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January 11, 2016

Top Security Hacks of the 21st Century, Part II

Continuing on Part I of the top data security hacks of the 21st century, PROSHRED® Indianapolis would like to put the biggest data heists of our time in the spotlight. Though security breaches are a daily occurrence, many small and mid-sized businesses do not take the proper measures to protect their sensitive information. Many do not have adequate cyber security or protocols for the destruction of old documents and hard drives, making them easy targets for hackers. The best way to mitigate against these risks is to stay up to date with protective measures and be responsible when it comes to the handling of sensitive information.

Most security hacks go widely unnoticed, and many do not even make it into the overall statistics. These small scale heists are the biggest threat to Indianapolis businesses. Other hacks impact so many people on such a large scale that they are international news. Cyber-terrorism threatens entire countries every day, and many security breaches are making their way into the history books these days. Here is Part II of the top security hacks of the 21st century.

2011 ESTsoft Hack

During the summer of 2011, the country of South Korea suffered its biggest incident of data security theft in its history. This hack affected 35 million citizens, which is a large majority of the entire population. The perpetrators reportedly had Chinese IP addresses.

2010 Gawker Media Hack

Hackers often find online blogs and forums attractive sources for information. In December of 2010, 1.3 million accounts were exposed and their sensitive information leaked. Gnosis, a hacking group, claimed responsibility for this operation. They claimed to have attacked Gawker due to their “blatant arrogance” towards the hacking community. Apparently, the hacking group was offended by how ineffectively Gawker’s security measures prevented breaches.

2009 Google Hack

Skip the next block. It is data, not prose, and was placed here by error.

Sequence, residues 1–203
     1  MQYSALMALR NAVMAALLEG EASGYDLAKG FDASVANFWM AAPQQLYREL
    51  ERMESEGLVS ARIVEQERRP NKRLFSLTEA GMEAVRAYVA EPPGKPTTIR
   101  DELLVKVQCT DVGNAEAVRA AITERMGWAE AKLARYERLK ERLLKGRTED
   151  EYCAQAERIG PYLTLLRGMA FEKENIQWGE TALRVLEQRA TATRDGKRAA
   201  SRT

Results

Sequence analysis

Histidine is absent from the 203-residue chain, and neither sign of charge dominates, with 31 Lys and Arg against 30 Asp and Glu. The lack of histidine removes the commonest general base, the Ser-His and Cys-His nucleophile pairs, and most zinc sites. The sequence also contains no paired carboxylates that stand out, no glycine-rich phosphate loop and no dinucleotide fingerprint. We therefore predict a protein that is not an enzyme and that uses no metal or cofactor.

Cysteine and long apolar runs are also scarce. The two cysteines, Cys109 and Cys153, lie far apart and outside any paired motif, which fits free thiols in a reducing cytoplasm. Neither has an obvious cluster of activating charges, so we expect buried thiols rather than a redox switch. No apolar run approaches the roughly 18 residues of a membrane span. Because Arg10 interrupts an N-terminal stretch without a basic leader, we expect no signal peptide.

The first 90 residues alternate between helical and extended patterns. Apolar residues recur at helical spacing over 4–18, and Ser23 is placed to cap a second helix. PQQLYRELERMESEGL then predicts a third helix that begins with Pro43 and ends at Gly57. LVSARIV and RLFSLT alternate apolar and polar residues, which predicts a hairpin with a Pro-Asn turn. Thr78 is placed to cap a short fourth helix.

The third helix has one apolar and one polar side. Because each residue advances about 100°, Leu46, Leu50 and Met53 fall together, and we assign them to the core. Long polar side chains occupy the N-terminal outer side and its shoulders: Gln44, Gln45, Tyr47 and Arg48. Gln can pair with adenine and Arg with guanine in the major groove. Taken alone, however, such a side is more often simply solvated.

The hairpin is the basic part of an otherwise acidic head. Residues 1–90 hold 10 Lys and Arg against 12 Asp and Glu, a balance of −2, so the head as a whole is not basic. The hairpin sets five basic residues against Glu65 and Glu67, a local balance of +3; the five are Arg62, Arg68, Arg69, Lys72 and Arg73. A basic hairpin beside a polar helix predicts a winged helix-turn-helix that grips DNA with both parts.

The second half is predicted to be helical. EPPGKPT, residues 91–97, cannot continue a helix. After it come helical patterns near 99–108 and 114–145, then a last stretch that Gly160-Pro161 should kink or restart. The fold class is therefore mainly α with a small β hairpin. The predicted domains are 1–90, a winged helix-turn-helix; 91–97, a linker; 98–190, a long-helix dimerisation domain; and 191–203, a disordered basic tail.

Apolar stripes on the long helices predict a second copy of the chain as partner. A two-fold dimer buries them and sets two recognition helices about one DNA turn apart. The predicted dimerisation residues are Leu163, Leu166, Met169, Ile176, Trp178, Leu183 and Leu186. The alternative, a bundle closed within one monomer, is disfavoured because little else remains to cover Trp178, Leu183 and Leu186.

In 2009, the Chinese launched a massive attack against Google, Yahoo! and multiple other companies in Silicon Valley. They easily gained access into Google’s internal network through an outdated version of Internet Explorer. It was unclear what impact the attack had on companies in the United States. This attack prompted individuals and businesses to upgrade their versions of computer software immediately.

2005 CardSystems Solutions Hack

In the summer of 2005, a group of hackers used a Trojan Horse attack to break into the CardSystems data base. CardSystems was one of the top processors of payments for big name credit and debit card companies such as Visa, American Express and MasterCard. This company had not encrypted the information of users, so the hackers easily gained the information of 40 million credit card accounts. The company was found to have been in noncompliance with security standards.

Though cyber security should remain a top priority for all small and medium sized businesses, hackers frequently get their hands on documents that contain the sensitive information of clients. Security breaches such as these can be prevented by procedures in place for the proper destruction of hard drives and old paper files. For more information, visit our services page or contact a representative at PROSHRED® Indianapolis today.

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